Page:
“Such Friends”:  100 Years Ago, end of October, 1922, Italy; Germany; and Ireland

In Rome, National Fascist Party leader Benito Mussolini, 39, wearing a black shirt and trousers and a bowler hat, arrives to form a government and become the youngest Prime Minister in Italy’s history, at the request of King Victor Emmanuel III, 52.

Benito Mussolini

In Florence, American ex-pat art historian Bernard Berenson, 57, tells a visiting friend,

These Fascists are the same people who requisitioned my most precious wines three years ago in the name of the Florentine Soviet Committee; then they were Communists. They don’t know what they are. The only lucky Italians are the ones who live abroad. I’ve lived here for 32 years and I’ve never seen a government and that’s their way of governing, like their police, who lie low during strikes. When the government comes up against some difficulty they disappear; when everything is settled by the nature of things, they reappear, triumphant. But nevertheless everything works in this country. That’s because Italy isn’t a nation; it’s a civilization.”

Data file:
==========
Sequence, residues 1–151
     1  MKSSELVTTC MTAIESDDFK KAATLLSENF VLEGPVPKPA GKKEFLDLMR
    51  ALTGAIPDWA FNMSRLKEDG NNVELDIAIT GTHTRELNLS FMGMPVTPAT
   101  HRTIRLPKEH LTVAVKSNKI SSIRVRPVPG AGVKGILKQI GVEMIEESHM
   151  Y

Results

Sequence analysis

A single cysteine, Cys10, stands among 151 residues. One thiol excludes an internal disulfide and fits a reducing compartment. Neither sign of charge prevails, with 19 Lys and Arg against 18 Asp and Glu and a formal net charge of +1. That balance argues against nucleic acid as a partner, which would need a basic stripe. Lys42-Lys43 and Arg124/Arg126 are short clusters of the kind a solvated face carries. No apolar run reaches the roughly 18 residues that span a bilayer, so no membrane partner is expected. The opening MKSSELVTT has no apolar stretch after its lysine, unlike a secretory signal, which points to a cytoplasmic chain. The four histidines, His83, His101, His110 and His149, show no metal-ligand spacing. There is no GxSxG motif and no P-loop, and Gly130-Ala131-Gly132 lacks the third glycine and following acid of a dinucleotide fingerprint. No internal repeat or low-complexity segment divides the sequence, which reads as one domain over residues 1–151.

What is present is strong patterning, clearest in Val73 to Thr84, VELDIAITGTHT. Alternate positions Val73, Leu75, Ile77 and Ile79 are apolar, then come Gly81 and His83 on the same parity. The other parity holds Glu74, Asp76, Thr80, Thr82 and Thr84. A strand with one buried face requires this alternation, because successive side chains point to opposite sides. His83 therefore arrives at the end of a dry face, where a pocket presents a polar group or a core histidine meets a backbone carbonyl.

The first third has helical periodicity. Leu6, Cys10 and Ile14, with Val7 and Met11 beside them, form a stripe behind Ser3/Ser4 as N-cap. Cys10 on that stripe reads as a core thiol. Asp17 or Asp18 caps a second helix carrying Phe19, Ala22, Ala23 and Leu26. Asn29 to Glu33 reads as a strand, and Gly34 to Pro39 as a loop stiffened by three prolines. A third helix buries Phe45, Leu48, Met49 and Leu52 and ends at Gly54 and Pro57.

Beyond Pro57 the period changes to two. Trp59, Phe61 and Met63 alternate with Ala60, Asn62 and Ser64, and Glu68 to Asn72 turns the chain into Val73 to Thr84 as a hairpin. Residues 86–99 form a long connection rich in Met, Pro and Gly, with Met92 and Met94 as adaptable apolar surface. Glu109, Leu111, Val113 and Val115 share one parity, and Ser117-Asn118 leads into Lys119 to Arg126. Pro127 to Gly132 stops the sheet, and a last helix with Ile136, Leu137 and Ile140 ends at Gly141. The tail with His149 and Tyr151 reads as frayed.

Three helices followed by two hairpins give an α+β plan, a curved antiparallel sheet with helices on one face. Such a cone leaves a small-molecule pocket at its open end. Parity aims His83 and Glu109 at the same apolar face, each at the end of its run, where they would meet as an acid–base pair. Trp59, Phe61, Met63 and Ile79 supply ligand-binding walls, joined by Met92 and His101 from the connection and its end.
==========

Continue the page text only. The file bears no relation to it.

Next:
Bernard Berenson


In Berlin, journalist Count Harry Kessler, 54, president of the German Peace Society, writes in his diary,

Perhaps [Mussolini] will usher in a period of fresh European disorders and wars…This may turn out to be a black day for Italy and Europe.”

Count Harry Kessler


In Dublin, poet and playwright William Butler Yeats, 57, admires Mussolini’s “burst of powerful personality.”

“Such Friends”:  100 Years Ago… is the basis for the series, “Such Friends”:  The Literary 1920s. Volumes I through III, covering 1920 through 1922 are available as signed copies at Riverstone Books in Squirrel Hill, Pittsburgh, PA, and on Amazon.com and Amazon.co.uk in print and e-book formats. For more information, email me at kaydee@gypsyteacher.com.

Early next year I will be talking about the centenary of the publication of T. S. Eliot’s The Waste Land at the Osher Lifelong Learning Institute at the University of Pittsburgh, and about The Literary 1920s in Paris and New York City at the Osher program at Carnegie-Mellon University.